Or, how to get from here.... to here....
(images from the thread "Maria" , OK’ed with Danny)
Not a lot of difference, OK. But this is a first step. Without this, you will run into problems pretty quick!
When a photo is over-exposed, or badly manipulated, one or more of the channels will hit the limit value of 255 (for 8 bits). This is what is called clipping .
It is normal for a well-adjusted final image to have some instances of the maximum value, in fact the PS default “Auto-adjust” will put 0.5% of the pixels at the limit. However, if large patches of the image reach the limit the effects of clipping become clearly evident.
What we see in this case is often referred to as “blown-out ” or “shiny ” and this will most probably occur on the forehead, nose or cheeks.
When the original image is already clipped we may not even notice, but if parts of the image are already at their limit value, any further manipulation will tend to introduce even more clipping.
A shiny nose, for example, may well be at pure white (255,255,255). If we lower the luminosity, to take out the shine, we just end up with a shade of gray and not a skin tone. This is because we see colors as the ratio between the R,G and B values, and in this case the are all the same, and that means gray. To save our nose (as it were), besides lowering the luminosity we will have to give back some color information.
To avoid introducing clipping the easiest way is to keep each channel well within the limits of 0 - 255. Most people have their own numbers, but for me I like to stay inside the range 25 – 230.
Here’s the image showing where clipping has ocurred.
OK, let’s get to work. There is an action posted here, but it would be good to go through it all manually. Well, at least once, OK?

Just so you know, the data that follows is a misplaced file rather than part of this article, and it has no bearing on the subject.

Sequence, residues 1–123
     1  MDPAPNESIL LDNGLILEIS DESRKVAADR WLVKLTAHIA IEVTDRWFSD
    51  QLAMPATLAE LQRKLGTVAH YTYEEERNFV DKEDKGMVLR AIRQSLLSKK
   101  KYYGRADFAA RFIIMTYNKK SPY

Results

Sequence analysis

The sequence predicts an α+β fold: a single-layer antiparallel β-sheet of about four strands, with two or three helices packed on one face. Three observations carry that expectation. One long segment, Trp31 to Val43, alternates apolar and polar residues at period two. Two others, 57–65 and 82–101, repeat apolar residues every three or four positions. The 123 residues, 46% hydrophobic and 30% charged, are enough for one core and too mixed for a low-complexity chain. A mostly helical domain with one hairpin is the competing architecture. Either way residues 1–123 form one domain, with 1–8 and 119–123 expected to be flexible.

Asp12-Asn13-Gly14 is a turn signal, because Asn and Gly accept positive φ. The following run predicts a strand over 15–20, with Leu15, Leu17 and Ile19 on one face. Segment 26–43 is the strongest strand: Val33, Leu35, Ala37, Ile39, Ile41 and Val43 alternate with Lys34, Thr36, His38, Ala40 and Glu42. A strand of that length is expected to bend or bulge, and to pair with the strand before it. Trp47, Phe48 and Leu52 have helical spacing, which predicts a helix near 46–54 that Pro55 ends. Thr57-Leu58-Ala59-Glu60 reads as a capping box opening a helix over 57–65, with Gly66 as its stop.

A - Duplicate, to save the original, we are going to need it (ctrl-J);
B - Image>Adjustments>Brightness / Contrast (*1) set Contrast to -20 - to put into working range;
C - Duplicate and set blending to Color;
D - Make a new Hue / Saturation adjustment layer and set Saturation to 50 – this makes it easier to visualize what’s going on;
- Go back to layer B, Filter>Other> High Pass with radius 1 – this layer is also just to make the work easier;
- Go to layer C;
(this is where the action ends and the work starts)
If everything went OK, you are looking at this:
Great, and what is this?
We are looking at just the colors in the photo. The reddish / orange color is the basic skin tone, without luminosity information, the gray parts are where we have a problem to solve. Now we can see that the clipped areas that we had seen above (left nose, right hair) are grayed out, but besides these we have found some more things to fix.
Painting the colors back in:
- Select a brush with blending set to Color and low opacity, 20 to 40 should do;
- Turn off the Hue / Saturation layer;
- Use <alt> to sample a nearby color and paint the gray areas.(*2) ;
- Turn the Hue / Saturation layer on again to identify the remaining gray areas;
- Repeat until all grey is gone.
When satisfied, or just curious, turn off the Hue / Saturation layer and change your painted layer blending from Color to Normal.
If something looks a bit wrong, just paint some more (blending color). Remember, you don’t need the High-Pass and Hue/ Saturation layers - they were just to help out, they don’t affect anything.(*3)
Final step – as always .
If you’re like me - and a lot of folks are – you’ve probably gone too far.
Leave on just your painted layer and the original (you saved it, remember ). Set the painted layer opacity to 50% and take a look. Pretty good chance you’re going to like it better that way!
*1) Yes, Brightness / Contrast. It´s a nail. We don’t need a multi-function tool-kit – just a hammer.
*2) If some region stays gray, and just won’t budge, it’s because the original was very clipped and the -20 contrast wasn’t enough. Apply another dose of -20 contrast on the painted layer.
*3) No, I wasn’t wasting your time. You could have gone straight in with the colored brush. You just wouldn’t have any control, and would probably have missed some important parts.
*4) Although it is easier to think of clipping at the white end of the scale, all that was said and done here applies to the “dark side”.